Overview and prerequisites

The Search Console API provides programmatic access to most of the functionality of Google Search Console. You can use the API to view, add, or remove properties and sitemaps, and run advanced queries for Google Search results data for the properties that you manage in Search Console.

This API is exposed as an HTTP REST/JSON-RPC service that you can call directly, or using one of our client libraries (recommended).

Before getting started, make sure you have a Google Search Console account set up, and that it includes at least one site of which you are a verified owner. If you currently don't have a website, there are many free options available for creating one, such as Blogger or Google Sites. Keep in mind that there are different permission levels in Search Console that determine the actions that are possible when using Search Console API.

This document describes the things you should do before writing your first client application.

Get a Google Account

You need a Google Account in order to create a project in the Google API Console. If you already have an account, then you're all set.

You may also want a separate Google Account for testing purposes.

Try out Google Search Console

This API documentation assumes that you've used Google Search Console, and that you're familiar with web programming concepts and web data formats.

If you haven't used Google Search Console, then try out the user interface before starting to code.

Create a project for your client

Before you can send requests to Google Search Console, you need to tell Google about your client and activate access to the API. You do this by using the Google API Console to create a project, which is a named collection of settings and API access information, and register your application.

To get started using Google Search Console API, you need to first use the setup tool, which guides you through creating a project in the Google API Console, enabling the API, and creating credentials.

If you haven't done so already, create your application's API key by clicking Create credentials > API key. Next, look for your API key in the API keys section.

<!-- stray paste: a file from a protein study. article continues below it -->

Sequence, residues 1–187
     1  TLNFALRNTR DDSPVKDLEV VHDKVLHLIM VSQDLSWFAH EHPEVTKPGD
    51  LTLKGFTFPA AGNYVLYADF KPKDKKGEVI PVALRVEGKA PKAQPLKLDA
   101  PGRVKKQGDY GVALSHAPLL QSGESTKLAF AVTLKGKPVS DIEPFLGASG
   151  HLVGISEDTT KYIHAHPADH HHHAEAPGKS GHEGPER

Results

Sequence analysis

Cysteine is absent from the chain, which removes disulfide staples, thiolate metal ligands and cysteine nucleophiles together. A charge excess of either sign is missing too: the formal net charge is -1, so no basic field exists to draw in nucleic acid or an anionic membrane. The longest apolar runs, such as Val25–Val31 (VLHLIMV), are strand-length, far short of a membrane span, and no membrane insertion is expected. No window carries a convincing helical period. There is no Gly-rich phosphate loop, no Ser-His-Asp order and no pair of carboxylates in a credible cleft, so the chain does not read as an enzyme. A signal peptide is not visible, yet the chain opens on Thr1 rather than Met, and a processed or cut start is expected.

Learn REST basics

There are two ways to invoke the API:

If you decide not to use client libraries, you'll need to understand the basics of REST.

REST is a style of software architecture that provides a convenient and consistent approach to requesting and modifying data.

The term REST is short for "Representational State Transfer." In the context of Google APIs, it refers to using HTTP verbs to retrieve and modify representations of data stored by Google.

In a RESTful system, resources are stored in a data store; a client sends a request that the server perform a particular action (such as creating, retrieving, updating, or deleting a resource), and the server performs the action and sends a response, often in the form of a representation of the specified resource.

In Google's RESTful APIs, the client specifies an action using an HTTP verb such as POST, GET, PUT, or DELETE. It specifies a resource by a globally-unique URI of the following form:

https://www.googleapis.com/apiName/apiVersion/resourcePath?parameters

Because all API resources have unique HTTP-accessible URIs, REST enables data caching and is optimized to work with the web's distributed infrastructure.

For more information about REST, you may find the following third-party documents useful:

REST in the Google Search Console API

The Google Search Console API operations map directly to REST HTTP verbs.

The specific formats for Google Search Console API URIs are:

https://www.googleapis.com/webmasters/v3/resourcePath?parameters

The full set of URIs used for each supported operation in the API is summarized in the Google Search Console API Reference document.

Learn JSON basics

The Google Search Console API returns data in JSON format.

JSON (JavaScript Object Notation) is a common, language-independent data format that provides a simple text representation of arbitrary data structures. For more information, see json.org.